not provide a breakdown of the time it billed for its work on the
sale of the South Naknek bar and store.  In its recommendation to
deny  Johnsons request to compel billing breakdowns, the  probate
master found that Hughes, Thorsness made available to Johnson all
of the billing information it possessed.
          As  a result of the trial courts decision, Johnson  was
left to sort through the billing records on his own in an attempt
to  determine  the  amount billed by Hughes, Thorsness  for  each
matter.   As  Johnson points out in his brief, Hughes,  Thorsness
was  better positioned than Johnson to parse through the  records
to  determine the relevant matter for which each item was billed.
Under  Rule 1.5 of the Alaska Rules of Professional Conduct,  the
factors  to be weighed when determining the reasonableness  of  a
lawyers fees include the time and labor required, the novelty and
difficulty of the questions involved, and the skill requisite  to
perform  the  legal service properly.15  In order  to  make  this
determination,  it  was  critical  for  the  superior  court   to
determine  the amount billed for each legal service  provided  to
the  estate.  The billing records submitted by Hughes,  Thorsness
during discovery made that task nearly impossible.
          While  we  have  not previously examined  the  required
level  of specificity for billing records in probate matters,  we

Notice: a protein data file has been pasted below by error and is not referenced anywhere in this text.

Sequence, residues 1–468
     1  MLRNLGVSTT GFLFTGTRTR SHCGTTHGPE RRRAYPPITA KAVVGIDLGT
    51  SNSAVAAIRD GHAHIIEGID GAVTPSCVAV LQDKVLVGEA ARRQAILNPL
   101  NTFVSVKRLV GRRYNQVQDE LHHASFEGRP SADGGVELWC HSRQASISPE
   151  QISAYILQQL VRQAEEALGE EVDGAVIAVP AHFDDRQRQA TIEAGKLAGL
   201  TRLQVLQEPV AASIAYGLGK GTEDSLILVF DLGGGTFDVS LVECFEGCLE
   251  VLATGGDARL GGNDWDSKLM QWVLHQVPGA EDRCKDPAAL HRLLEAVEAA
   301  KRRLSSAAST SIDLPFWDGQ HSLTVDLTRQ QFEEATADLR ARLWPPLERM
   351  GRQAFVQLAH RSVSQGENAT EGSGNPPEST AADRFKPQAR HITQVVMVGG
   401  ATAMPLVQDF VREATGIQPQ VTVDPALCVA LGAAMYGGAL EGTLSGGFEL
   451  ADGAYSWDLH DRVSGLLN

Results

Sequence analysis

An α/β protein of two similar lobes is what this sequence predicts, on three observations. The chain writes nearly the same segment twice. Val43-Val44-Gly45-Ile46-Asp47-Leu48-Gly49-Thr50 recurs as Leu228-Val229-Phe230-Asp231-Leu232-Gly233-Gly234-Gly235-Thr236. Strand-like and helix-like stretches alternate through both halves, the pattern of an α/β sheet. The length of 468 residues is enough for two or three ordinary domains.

have  indicated  that some level of specificity  is  required  in
billing  records in disputes involving attorneys fees  generally.
For  instance,  in Hayes v. Xerox Corp.,16 we reviewed  attorneys
fees  in  the context of Alaska Civil Rule 82.  We held that  the
lower  court  should  have required Xerox,  the  party  receiving
          attorneys fees for its own legal work, to itemize its fee
request.17  We reasoned that Xeroxs counsel should have specified
the  services included in those hours submitted, and we  remanded
the issue so that the superior court [could] order Xeroxs counsel
to itemize the hours and nature of the work spent on [the] case .
.  . .18  Johnson also points us to a federal bankruptcy decision
originating   in  Alaska  in  which  the  court  determined   the
reasonableness  of  attorneys  fees  incurred  during  bankruptcy
proceedings.   The bankruptcy court observed:  Time records  must
be  adequate to show the amount of time spent and the  manner  in
which it was spent . . . [a]n entry of research or telephone call
is insufficient.19
          These  cases, together with factors set forth in Alaska
Rule  of  Professional Conduct 1.5, indicate that some  level  of
specificity in billing records must be submitted to the  superior
court  for  purposes  of resolving disputes  regarding  attorneys
fees.   Because many of the billing entries submitted by  Hughes,
Thorsness  were  so  vague that Johnson could not  discern  which
legal  matter  corresponded to each entry, we conclude  that  the
superior  court  abused its discretion when  it  denied  Johnsons
discovery request.
     C.   The  Probate  Master Improperly Placed  the  Burden  of
          Proof on Johnson at the Evidentiary Hearing.
          
           Johnson argues that the probate master erroneously put
the  burden  of proof on him during the evidentiary  hearing,  in
part  by  requiring him to proceed first.  According to our  case